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Keeping Your Passions Alive in University: Romeo Dannaoui Discusses Immigration, Health Sciences, and Creativity
On this episode of Student Influencers, we had the pleasure of meeting with Romeo Dannaoui, a young man living in Ottawa after experiencing immigration to Canada from the Middle East when he was 12 years old. Amidst the challenges of navigating university life, Romeo has maintained a gentle, creative spirit while studying Health Sciences, holding down a part-time job and inspiring others with his creativity via his photography on Instagram.
Browsing Romeo’s Instagram page (@probablyromeo) provides a glimpse into how he sees the world. A foggy image of the mountainous town of Ehden, Lebanon features red rooves and white buildings cascading over green hills in the distance and tells the story of his immigration. Soft blue-grey shots of the warm water of the Gulf of Oman are interspersed amongst unassuming selfies and reflective captions like, “How rare and beautiful it is to even exist.” It is easy to gain a sense of Romeo’s kind-hearted demeanour and his creativity simply by looking at his photos. Needless to say, the same personality came through in our interview.
Never Stop Learning
As a young man growing up in Oman, Romeo had a love of learning. This has remained a constant in his life. A Health Sciences degree appealed to Romeo because it is such a broad field. He feels that it will allow him the opportunity to never stop learning:
“I find that with medicine it’s always expanding and it’s always evolving so I’m the kind of person who doesn’t really like to stop learning. I always like to continue learning and I feel like with this program I’ll always have the opportunity to learn.”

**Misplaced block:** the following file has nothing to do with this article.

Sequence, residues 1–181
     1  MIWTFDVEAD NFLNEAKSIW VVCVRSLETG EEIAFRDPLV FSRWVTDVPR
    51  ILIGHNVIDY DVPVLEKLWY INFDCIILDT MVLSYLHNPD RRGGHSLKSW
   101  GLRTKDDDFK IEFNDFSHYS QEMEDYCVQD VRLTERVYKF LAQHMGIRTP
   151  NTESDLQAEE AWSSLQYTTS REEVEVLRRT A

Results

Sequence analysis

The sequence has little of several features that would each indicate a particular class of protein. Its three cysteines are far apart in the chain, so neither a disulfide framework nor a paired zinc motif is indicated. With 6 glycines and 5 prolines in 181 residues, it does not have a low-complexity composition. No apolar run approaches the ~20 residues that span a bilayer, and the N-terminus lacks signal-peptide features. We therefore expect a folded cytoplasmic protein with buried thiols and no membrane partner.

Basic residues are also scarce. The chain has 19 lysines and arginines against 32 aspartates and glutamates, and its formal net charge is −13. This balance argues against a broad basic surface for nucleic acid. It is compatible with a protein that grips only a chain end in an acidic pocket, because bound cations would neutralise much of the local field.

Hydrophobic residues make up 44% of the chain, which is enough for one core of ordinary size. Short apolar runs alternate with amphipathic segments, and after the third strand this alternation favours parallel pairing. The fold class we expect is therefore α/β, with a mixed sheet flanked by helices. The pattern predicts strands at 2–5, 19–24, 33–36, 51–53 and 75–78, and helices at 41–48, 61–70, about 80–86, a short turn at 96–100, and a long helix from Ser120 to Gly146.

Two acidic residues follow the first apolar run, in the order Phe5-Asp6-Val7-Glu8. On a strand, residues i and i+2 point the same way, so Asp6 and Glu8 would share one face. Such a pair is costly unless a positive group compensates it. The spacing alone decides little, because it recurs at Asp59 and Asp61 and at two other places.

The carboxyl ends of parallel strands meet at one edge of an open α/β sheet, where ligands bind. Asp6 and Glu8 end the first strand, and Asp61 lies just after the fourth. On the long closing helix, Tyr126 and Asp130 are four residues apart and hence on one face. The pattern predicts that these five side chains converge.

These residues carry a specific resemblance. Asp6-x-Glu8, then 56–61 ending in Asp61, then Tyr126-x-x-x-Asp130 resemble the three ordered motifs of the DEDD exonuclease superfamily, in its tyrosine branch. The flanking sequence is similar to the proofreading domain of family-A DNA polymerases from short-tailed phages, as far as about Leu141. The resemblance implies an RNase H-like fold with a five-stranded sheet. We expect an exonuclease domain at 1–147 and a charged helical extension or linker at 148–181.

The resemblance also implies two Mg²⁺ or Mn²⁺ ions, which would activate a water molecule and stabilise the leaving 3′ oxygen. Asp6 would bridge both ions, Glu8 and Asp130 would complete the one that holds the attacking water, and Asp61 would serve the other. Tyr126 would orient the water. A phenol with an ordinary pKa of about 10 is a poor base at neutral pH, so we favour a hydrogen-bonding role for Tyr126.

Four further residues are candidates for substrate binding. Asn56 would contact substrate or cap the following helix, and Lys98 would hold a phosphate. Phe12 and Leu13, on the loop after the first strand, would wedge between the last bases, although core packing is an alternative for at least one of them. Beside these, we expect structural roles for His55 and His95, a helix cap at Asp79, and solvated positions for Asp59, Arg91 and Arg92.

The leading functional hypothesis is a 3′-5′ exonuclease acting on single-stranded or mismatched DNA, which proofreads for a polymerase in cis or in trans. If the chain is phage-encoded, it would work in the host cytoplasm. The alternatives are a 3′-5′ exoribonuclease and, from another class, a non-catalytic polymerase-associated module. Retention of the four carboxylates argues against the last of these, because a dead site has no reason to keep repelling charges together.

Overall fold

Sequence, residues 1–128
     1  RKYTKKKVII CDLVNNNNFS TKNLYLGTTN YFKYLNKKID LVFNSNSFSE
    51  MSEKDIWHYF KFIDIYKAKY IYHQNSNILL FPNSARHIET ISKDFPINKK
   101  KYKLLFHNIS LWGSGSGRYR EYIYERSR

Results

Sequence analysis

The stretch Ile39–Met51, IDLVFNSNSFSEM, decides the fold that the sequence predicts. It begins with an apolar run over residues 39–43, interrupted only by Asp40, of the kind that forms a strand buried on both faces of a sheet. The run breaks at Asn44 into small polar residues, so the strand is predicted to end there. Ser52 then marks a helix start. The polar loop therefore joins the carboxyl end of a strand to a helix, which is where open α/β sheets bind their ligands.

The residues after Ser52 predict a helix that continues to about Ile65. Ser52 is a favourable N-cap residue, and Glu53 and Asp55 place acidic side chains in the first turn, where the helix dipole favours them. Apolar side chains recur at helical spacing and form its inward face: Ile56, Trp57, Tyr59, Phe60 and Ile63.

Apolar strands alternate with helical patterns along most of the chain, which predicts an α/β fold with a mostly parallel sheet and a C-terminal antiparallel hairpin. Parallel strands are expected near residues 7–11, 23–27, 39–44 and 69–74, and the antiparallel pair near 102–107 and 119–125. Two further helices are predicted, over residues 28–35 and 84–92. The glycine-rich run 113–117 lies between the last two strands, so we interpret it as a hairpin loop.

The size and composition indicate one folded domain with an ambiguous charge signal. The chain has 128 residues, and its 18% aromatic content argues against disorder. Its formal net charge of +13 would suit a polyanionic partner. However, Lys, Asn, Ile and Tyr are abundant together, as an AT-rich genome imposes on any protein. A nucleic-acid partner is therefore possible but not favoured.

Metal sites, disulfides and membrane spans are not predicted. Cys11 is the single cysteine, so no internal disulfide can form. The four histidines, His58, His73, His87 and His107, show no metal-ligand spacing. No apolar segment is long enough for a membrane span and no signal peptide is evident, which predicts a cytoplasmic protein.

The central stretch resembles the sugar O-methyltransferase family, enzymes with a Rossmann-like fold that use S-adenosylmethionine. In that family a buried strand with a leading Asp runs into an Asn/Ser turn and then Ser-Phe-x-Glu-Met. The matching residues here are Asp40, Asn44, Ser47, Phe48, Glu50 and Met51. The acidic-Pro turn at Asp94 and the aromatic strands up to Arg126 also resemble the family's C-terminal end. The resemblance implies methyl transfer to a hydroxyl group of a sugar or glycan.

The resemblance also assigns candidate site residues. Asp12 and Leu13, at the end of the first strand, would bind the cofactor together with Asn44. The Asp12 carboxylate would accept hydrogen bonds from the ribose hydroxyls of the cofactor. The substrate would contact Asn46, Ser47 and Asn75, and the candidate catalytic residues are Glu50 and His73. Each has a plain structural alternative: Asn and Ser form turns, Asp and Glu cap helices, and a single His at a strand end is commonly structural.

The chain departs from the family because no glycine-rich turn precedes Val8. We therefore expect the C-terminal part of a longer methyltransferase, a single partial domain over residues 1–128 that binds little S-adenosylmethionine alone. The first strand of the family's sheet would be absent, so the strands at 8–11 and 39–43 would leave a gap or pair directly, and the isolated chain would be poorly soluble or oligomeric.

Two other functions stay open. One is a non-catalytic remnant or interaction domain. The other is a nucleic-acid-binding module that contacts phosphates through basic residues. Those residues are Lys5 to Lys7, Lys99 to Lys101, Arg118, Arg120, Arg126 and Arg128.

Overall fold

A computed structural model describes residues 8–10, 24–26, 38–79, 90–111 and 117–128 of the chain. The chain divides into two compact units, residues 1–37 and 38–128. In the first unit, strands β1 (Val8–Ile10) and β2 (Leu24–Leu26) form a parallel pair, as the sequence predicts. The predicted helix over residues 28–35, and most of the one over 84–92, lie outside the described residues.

The opportunity to grow with the medical science field intrigues Romeo. Studying health sciences is a chance to learn about the human brain, body, as well as the more bureaucratic and political components of the medical realm. One of Romeo’s favourite courses is psychology,
“I just like the psychology of it and learning about how the brain works and as humans how we can communicate with each other. It’s interesting to me to learn about that.”
Throughout our conversation, Romeo showed his love of learning about people and what makes them tick. When I asked him to share his life story, he flipped the switch and asked me the same question! It is clear that Romeo has a way with people and that he is constantly looking for opportunities to learn from his surroundings.
Long-term Romeo would like to apply for medical school and pursue research in his chosen field.
The College Transition is Challenging
Despite his clear strengths with people and in school, Romeo admits that transitioning to university was challenging at first, a common experience for first-year students.
“I found that was really hard, to be honest, to manage your personal life, your friend group, your workloads. Trying to even keep up with your hobbies, it’s hard to manage everything at once.”